On Thursday, the US Dollar Index (DXY) measured against a basket of six major currencies had been trading lower after snapping its three-day long streak of gain on yesterday, as a US Dollar-buying spree seemed to have blunted by an abrupt hike in risk appetite over expectations of an imminent Brexit trade deal alongside a $892 billion in US pandemic stimulus package.
In point of fact, latest development over the Brexit frontier has been a major market mover with the British currency trading as much as 0.77 per cent higher to $1.3607 on Thursday’s morning European trading hour, while on Wednesday, sterling and euro had started off an Apollonian rally shortly after the Brexit headlines, dampening a safe-haven bid for the American currency.
With the greenback shedding as much as 0.9 per cent against its British counterpart alongside 0.2 per cent against the bloc’s common currency euro, major currencies knotted to higher risk appetite such as the Australian, New Zealand and Canadian dollars had gained ground on Wednesday, while UK and EU were standing on the brink of striking a narrow trade deal that would avert a chaotic split of Britain from the EU, prevailing a perilous pommelling of a 70-year-old European stronghold which in effect would have rattled the European unity forged upon the wrecks of World War II.
Aside from that, although the incumbent US President Donald Trump had vetoed the much-required US stimulus bill defying Republican Senators, surprising many of his close allies in the Oval Office including the Treasury Secretary Steven Mnuchin, the bill is expected to become a law after ten days following a re-voting in the Senate despite Trump's veto.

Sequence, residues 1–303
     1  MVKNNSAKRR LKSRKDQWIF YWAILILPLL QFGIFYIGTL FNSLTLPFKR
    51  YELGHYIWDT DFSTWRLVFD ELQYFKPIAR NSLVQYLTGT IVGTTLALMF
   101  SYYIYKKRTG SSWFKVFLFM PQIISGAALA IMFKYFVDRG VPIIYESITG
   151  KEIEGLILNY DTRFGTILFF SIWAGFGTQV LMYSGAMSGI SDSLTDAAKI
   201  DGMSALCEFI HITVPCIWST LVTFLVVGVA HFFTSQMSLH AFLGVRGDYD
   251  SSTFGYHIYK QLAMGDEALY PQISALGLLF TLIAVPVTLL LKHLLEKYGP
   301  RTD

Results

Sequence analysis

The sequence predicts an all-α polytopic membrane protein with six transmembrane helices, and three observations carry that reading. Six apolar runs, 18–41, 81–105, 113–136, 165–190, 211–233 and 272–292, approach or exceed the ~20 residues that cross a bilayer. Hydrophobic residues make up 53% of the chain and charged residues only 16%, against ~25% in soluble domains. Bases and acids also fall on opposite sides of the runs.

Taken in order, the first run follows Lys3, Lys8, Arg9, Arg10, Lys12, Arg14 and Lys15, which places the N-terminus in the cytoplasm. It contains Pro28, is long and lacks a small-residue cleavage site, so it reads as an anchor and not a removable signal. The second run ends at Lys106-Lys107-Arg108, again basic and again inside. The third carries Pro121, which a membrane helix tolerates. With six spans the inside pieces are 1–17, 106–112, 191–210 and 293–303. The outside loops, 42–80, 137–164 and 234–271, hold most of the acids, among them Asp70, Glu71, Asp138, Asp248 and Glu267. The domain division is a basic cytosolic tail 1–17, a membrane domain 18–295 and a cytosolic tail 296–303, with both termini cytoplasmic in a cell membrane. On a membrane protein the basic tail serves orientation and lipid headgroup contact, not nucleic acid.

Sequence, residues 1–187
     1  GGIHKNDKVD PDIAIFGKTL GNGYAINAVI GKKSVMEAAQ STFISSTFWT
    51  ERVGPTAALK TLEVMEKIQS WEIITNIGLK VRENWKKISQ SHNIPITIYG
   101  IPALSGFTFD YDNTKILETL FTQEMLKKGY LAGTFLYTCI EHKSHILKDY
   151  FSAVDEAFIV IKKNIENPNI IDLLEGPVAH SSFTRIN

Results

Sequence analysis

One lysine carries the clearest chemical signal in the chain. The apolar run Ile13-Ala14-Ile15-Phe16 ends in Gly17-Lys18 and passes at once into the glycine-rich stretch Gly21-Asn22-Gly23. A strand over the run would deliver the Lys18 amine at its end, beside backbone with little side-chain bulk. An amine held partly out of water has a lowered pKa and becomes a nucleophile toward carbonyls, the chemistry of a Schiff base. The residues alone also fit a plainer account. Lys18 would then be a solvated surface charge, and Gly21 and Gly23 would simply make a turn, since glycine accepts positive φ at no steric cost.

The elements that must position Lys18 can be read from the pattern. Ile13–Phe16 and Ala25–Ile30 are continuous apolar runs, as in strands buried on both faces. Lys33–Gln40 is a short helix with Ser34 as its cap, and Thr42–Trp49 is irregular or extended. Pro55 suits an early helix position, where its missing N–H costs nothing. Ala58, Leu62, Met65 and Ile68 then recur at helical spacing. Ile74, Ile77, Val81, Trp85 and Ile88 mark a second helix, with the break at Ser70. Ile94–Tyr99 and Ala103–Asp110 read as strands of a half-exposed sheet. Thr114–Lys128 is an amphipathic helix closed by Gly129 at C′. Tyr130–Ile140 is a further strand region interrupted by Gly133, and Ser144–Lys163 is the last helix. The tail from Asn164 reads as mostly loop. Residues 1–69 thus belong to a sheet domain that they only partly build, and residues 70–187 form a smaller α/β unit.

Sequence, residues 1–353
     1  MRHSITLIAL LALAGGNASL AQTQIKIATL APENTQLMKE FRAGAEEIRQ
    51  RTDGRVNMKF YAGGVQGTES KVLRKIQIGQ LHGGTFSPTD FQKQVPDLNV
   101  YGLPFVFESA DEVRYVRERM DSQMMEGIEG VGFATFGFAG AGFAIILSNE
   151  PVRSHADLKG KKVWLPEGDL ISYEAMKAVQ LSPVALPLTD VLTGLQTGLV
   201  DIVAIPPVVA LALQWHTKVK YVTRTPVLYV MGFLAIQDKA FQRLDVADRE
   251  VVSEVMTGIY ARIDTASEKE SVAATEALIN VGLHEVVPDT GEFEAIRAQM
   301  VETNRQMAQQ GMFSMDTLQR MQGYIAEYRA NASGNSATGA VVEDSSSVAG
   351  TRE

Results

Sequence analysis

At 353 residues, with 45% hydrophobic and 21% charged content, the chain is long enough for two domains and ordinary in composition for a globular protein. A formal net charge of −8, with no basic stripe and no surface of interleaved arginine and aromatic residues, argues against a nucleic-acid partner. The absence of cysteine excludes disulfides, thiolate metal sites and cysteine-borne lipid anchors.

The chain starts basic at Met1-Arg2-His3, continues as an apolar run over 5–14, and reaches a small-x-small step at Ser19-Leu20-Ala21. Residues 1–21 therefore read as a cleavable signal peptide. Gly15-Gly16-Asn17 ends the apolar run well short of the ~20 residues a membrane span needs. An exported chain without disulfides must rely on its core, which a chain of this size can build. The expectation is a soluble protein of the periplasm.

Dollar drops, Sterling hits $1.36
Citing statistics, while this report was being prepared, in early-morning European trading hour, GMT. 10.15, the bloc’s common currency euro was trading 0.12 per cent higher to $1.2203 and the British Pound gained as much as 0.77 per cent to $1.3607, while the Aussies were trading 0.30 per cent higher to $0.7601 against the greenback and the Kiwis rose 0.19 per cent to $7107.
Besides, the American Dollar Index (DXY), measured against a basket of six major currencies, faltered to 90.12 after experiencing a steep downfall of 0.30 per cent to 90.33 on Wednesday’s FX market winddown. Meanwhile, citing prospects of further faltering of an ailing American currency, a Senior FX strategist at TD Securities in New York, Mazen Issa said, “We have a lower uncertainty premium compared to March.
The addition of the vaccines...has basically established what we have known since the summer which is a weaker dollar”.